A group of scientists have discovered "strange creatures" living under a 900-meter-thick Antarctic ice shelf, according to an article published Monday in frontiers in Marine Science.
By digging through the Filchner-Ronne Ice Shelf, scientists accidentally discovered sea sponges and possibly other vertebrates that clung to a boulder on the seabed.
"We were expecting to retrieve a sediment core from under the ice shelf, so it came as a bit of a surprise when we hit the boulder and saw from the video footage that there were animals living on it," said James Smith, a geologist at the British Antarctic Survey (BAS).
According to the BAS, this is the first study to find animals living in such conditions as only very few other species have been spotted 260 kilometres from the open ocean, living in darkness and at temperatures of -2.2°C. The animals are 1,500 kilometers away from any source of metabolism as the basic elements of photosynthesis such as sunlight, scientists said.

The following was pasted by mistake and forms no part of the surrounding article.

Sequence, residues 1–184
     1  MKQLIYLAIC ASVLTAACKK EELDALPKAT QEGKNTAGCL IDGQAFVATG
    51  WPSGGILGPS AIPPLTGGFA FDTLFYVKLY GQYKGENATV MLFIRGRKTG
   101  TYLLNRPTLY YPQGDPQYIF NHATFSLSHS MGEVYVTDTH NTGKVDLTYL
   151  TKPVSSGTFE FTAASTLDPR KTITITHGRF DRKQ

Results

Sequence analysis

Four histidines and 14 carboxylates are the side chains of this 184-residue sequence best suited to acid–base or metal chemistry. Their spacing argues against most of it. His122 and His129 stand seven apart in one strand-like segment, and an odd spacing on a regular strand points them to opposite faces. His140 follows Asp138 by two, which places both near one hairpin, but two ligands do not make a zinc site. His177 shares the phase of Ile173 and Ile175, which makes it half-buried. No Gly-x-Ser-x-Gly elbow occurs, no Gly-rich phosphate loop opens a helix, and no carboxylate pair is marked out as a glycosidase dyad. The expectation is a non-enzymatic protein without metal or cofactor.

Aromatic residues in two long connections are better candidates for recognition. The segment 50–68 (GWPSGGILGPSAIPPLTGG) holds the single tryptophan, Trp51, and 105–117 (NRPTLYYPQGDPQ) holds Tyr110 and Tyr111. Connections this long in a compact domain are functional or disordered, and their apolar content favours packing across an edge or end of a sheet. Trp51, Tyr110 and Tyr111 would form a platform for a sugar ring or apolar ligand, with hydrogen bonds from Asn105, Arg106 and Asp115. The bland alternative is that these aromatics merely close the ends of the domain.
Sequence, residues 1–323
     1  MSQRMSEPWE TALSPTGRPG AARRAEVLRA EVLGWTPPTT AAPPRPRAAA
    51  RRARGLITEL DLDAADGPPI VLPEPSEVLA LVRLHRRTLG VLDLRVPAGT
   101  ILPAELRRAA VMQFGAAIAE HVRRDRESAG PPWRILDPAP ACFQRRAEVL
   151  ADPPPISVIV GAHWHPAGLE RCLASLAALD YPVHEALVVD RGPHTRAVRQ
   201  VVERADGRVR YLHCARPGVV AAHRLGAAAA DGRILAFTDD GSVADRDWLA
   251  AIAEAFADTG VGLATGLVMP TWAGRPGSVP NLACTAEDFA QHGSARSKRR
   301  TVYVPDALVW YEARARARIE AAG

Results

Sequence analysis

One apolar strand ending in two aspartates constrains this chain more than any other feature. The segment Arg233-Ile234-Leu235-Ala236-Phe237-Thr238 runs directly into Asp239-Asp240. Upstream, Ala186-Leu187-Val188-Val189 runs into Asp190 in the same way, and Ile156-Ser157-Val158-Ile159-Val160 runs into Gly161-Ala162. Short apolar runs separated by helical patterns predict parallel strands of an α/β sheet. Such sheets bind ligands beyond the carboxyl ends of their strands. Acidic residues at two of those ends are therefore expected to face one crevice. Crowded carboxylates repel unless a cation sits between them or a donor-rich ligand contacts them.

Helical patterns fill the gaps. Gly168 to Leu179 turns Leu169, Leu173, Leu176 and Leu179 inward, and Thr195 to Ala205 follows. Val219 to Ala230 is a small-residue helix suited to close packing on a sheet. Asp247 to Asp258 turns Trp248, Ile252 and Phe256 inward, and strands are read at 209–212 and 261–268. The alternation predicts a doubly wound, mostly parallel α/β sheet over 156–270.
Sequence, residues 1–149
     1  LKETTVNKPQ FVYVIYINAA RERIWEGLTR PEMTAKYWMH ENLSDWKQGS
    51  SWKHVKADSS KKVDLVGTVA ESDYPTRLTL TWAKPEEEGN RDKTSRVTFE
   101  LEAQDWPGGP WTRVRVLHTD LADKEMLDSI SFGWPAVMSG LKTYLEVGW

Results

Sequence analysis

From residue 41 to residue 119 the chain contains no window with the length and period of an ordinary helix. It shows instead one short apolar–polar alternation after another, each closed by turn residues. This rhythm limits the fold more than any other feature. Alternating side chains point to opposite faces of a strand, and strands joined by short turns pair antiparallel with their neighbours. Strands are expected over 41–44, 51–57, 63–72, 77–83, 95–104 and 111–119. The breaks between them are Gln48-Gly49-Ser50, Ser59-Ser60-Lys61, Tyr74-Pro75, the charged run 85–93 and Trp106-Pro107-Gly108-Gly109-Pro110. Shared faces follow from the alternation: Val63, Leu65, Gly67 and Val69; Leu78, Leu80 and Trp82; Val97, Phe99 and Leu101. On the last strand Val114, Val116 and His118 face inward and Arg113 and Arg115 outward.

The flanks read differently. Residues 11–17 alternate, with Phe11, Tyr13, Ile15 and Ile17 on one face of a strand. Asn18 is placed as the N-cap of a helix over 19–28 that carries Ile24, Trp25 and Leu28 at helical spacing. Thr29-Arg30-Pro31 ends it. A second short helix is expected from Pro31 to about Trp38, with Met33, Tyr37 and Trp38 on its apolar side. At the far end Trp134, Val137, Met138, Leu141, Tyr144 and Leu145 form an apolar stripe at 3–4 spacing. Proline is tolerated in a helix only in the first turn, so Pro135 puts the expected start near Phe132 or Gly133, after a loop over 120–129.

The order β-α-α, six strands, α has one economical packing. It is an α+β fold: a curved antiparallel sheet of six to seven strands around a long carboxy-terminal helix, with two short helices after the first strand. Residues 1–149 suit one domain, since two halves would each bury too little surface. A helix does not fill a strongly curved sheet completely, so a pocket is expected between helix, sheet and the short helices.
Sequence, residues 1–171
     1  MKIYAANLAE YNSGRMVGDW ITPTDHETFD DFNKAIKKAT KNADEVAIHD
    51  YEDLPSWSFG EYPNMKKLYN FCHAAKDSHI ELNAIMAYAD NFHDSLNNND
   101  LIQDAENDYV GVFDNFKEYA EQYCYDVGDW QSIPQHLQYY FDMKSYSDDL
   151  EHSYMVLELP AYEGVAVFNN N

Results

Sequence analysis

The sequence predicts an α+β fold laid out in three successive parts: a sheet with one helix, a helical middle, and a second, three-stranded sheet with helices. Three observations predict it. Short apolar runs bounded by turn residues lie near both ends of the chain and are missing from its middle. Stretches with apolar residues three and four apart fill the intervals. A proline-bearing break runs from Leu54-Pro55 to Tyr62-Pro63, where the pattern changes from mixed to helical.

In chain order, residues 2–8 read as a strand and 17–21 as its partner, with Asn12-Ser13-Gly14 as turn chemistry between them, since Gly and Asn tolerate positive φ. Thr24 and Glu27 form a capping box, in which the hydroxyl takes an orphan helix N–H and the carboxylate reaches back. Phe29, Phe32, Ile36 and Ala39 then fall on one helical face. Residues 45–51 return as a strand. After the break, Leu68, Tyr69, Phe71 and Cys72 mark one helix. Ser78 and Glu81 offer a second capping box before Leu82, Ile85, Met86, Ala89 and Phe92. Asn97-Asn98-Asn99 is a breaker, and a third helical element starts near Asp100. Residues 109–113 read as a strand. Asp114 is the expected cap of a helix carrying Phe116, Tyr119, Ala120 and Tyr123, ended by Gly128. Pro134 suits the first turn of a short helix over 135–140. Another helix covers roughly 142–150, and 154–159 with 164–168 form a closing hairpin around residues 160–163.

"This discovery is one of those fortunate accidents that pushes ideas in a different direction and shows us that Antarctic marine life is incredibly special," said Huw Griffiths, a biogeography scientist and co-author of the study.
"Our discovery raises so many more questions than it answers, such as how did they get there? What are they eating? How long have they been there?" ask Griffiths.
According to the report, this evidence requires researchers to rethink ideas with regard to the diversity of community types found under ice shelves, the key factors which control their distribution and their vulnerability to environmental change and ice shelf collapse.